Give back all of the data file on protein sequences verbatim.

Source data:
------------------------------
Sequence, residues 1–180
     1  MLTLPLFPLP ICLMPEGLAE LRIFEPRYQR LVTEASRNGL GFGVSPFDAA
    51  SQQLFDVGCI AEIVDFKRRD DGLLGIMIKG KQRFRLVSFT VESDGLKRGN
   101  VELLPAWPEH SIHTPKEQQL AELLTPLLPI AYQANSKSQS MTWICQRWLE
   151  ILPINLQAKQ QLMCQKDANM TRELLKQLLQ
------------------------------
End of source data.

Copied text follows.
Sequence, residues 1–180
     1  MLTLPLFPLP ICLMPEGLAE LRIFEPRYQR LVTEASRNGL GFGVSPFDAA
    51  SQQLFDVGCI AEIVDFKRRD DGLLGIMIKG KQRFRLVSFT VESDGLKRGN
   101  VELLPAWPEH SIHTPKEQQL AELLTPLLPI AYQANSKSQS MTWICQRWLE
   151  ILPINLQAKQ QLMCQKDANM TRELLKQLLQ